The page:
“Things alter for the worse spontaneously, if they be not altered for the best designedly.” Francis Bacon
My amanuensis was far afield this week. His presentations at the New Jersey Landscape Design School were focused on the future of the art Landscape Design into the Future and the practice of Sustainability. http://njclubs.esiteasp.com/gcnj/landscape_design_school.nxg The classes are held over two days with a third day devoted to study and an examination that tests the student’s retention of the material.
Mr. Brown’s passion for the subject of saving the world leaves me somewhat perplexed. He talks a very good game but a slide on the uses of “The Little Green Bag…” will not go far to solve the problem of what’s been defined as Global Warming.
His presentations were on the second day for the education of a group looking to become certified in their love of gardening. I congratulate them on their dedication. The search for continuing education in the world of botany is a far-reaching one. It is education that will return a restorative sense of health and well-being to seeker. I am a living testament to its life-giving qualities.
Denise and Eric Mattes are a husband and wife team of Landscape Architects who began the second day of the event with back-to-back, hers-then-his presentations on the history of their profession since the second world war. His talk gave illumination to the practice of the science of recent design architects in a contemporary idiom.
Bruce Crawford, Director of Rutgers Gardens, delivered a brilliant close to the proceedings with his discussion of the relative growth and development of arboreta in America. http://rutgersgardens.rutgers.edu/director.html He demonstrated an almost life-long commitment to his own garden.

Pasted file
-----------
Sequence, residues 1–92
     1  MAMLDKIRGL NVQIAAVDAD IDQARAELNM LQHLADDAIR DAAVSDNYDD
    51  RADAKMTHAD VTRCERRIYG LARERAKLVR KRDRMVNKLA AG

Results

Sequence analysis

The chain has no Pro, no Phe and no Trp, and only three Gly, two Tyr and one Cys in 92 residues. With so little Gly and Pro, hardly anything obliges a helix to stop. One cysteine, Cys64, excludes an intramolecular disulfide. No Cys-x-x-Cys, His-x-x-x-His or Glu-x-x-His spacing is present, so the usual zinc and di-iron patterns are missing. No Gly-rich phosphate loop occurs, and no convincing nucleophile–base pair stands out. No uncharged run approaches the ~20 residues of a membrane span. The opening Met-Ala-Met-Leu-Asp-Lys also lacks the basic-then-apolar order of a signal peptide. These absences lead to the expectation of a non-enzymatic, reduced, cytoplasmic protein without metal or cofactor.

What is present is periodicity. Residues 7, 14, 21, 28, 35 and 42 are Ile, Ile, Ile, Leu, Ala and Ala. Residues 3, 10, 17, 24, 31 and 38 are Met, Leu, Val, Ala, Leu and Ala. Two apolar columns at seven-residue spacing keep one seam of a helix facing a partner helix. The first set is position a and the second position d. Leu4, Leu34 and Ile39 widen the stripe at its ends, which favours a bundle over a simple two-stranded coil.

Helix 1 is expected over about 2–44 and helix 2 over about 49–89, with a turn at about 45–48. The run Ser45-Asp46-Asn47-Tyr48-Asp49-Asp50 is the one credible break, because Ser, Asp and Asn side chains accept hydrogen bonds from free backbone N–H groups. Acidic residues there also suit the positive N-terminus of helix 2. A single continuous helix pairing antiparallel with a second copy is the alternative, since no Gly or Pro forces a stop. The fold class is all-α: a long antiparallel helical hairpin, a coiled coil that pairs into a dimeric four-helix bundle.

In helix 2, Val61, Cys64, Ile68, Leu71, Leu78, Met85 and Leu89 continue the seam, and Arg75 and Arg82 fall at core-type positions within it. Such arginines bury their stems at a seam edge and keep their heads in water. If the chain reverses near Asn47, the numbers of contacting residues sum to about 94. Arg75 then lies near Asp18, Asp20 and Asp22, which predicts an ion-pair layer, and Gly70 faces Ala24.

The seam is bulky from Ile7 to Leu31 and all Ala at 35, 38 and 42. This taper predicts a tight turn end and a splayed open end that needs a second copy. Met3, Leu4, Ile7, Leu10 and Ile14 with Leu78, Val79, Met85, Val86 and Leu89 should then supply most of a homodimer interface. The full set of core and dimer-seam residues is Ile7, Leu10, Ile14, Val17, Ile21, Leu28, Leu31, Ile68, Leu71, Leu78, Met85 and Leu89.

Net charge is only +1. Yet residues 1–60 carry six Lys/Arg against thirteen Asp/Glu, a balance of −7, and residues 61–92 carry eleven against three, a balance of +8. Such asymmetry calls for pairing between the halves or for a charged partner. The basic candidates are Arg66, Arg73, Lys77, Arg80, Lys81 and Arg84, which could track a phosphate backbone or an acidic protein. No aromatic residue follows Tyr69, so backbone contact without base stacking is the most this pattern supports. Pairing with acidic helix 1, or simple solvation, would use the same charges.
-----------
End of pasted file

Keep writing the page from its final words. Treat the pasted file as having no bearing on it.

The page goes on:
I had been with him on many previous occasions when his connection was an almost palpable topic in his speech. His garden is growing and changing. He is connecting with a wider community and using the examples of many other spaces to develop his own sense of place and space.
I struggled all of my earlier life trying to connect people to my botanic garden. I recognize a similar vitality in the work that Bruce brings to the green spaces at Rutgers Gardens.
Other botanic gardens that he used as exemplars include The High Line http://www.thehighline.org/ , The Atlanta Botanic Garden http://www.atlantabotanicalgarden.org/ and my personal favorite of this and any group: Chanticleer, A Pleasure Garden http://www.chanticleergarden.org/
Time was scheduled during the day to take advantage of the beautiful spring weather and get some photos of the changes that have been wrought in the garden’s many rooms. The hardscape that’s been added has expanded the bones of the spaces. The new rain garden http://rutgersgardens.rutgers.edu/RainGarden.html was an exciting new space that connected the sustainable theme of the day with the reality of green in a garden.
It was a stunning day for an appreciation of the art of garden design and the growth and development of a public green initiative. Congratulations for the success of the planning goes to Nancy Schmaltz and her dedicated crew of volunteers.
Gotti Kelley is to be commended for her control of a camera lens with which she was not familiar. And as a final thought on the scenes of the day: I want to acknowledge the beautiful presence of the native poppy in the distant fields of the garden. Stylophorum diphyllum was the Latin nomenclature for such a